The MMI Scale is used globally to express intensity and ranges from 1-12. Have you ever felt an earthquake, gone onto the GeoNet website and submitted a ‘Felt Report’? If so, you’ve used the modified Mercalli Intensity scale (MMI) to tell scientists about the intensity of shaking you felt in your location. This data helps them estimate the impacts of the earthquake across the motu. As well as numbers, the MMI scale uses set terminology for the intensity of shaking – if you look at the descriptions below you can see what is meant by the ‘moderate shaking’ described in the headline at the start of this article.
Intensity can also be measured using instruments that measure ground movement – seismometers and strong motion sensors. These give us Peak Ground velocity (PGV) or Peak Ground acceleration (PGA) at a given point. These objective measurements are useful for building design, infrastructure planning and understanding the way different materials react to seismic waves. More about how these measurements are taken in How to Measure and Earthquake (Part Two).
Human experience measurements (like the Felt reports) give a real-time indication of how an earthquake feels to those on the ground. However, in a strong earthquake, people are not going to spend time filling in a form on their phone (if phones are even working).
This is evident when you look at the GeoNet ‘Felt report’ (right) for the 2016 Kaikoura Earthquake. You can see a lack of reports from around the epicentre, (where there was the highest intensity shaking happening) as people focused on more important things.
This means that immediately after a big quake, scientists are reliant on the scientific measurements coming in from ground motion sensors to try and work out what is happening to people and structures on the ground.
Globally, many studies have compared data from ground motion sensors and their countries version of the ‘felt reports’ for sets of earthquakes, hoping to find just such a formula. In January 2021 scientists published the latest ground motion to intensity conversion equations for New Zealand.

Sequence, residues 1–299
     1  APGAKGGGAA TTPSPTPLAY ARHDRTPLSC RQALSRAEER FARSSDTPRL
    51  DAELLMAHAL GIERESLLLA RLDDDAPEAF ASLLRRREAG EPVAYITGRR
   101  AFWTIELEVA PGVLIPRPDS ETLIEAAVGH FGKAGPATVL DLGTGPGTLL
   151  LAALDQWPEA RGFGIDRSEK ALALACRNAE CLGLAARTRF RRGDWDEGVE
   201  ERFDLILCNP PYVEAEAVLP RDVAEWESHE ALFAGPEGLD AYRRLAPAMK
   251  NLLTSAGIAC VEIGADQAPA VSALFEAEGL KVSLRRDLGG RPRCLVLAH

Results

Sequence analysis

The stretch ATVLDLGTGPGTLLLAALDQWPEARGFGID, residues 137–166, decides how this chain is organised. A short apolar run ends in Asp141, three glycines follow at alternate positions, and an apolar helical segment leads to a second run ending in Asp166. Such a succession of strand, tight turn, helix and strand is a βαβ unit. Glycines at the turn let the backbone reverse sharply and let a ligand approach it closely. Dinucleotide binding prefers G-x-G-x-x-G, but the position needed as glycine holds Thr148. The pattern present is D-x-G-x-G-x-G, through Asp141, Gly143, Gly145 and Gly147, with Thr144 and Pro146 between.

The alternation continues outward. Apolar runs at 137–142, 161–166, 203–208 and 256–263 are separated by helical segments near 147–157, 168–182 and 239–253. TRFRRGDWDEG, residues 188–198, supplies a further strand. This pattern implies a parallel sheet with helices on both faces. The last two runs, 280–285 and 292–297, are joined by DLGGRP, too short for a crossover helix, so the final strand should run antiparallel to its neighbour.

The graphs right compare their findings with those of previous studies – you can see that there are obvious trends and the results are similar but not identical. Our collective knowledge of the relationship between magnitude, ground motion and intensity is improving all the time, so hopefully one day such an equation will exist.
So now you understand the details of that news headline about the latest earthquake – where the focus was, how deep, how much energy was released and how intense the shaking was. Tell all your friends!
This article is a part of series developed in collaboration with Bounce Insurance, aimed at explaining earthquake science and increasing understanding of earthquake risk and resilience. With thanks to our science partners for their contributions: QuakeCoRE: New Zealand Centre for Earthquake Resilience, Resilience to Nature’s Challenges, University of Otago and GNS Science.
Author: Jenny Chandler, AF8 Research Assistant.
Earthquakes are not a new phenomenon and people have been trying to understand and measure them for a long time. In part one we focused on WHAT we measure with earthquake, now, in part two, we will investigate HOW the measurements are made.
New Zealanders are used to seeing and hearing earthquake reports – our country experiences around 20,000 earthquakes a year – but what do the terms and numbers actually mean? In the first of this two-part article, we’ll explore WHAT we measure when it comes to earthquakes and explain the terminology and scales used. In the second part we’ll look at HOW we measure them and introduce the tools of the trade.
What do SALSA and the Alpine Fault have in common, you ask? Not too much, unless you fancy adding some salsa to your emergency supplies! In this case SALSA stands for “Southern Alps Long Skinny Array” and refers to a series of seismometers recently installed along the West Coast of the South Island – from Piopiotahi Milford Sound to Maruia – stretching 500km along the straight (skinny) part of the Alpine Fault.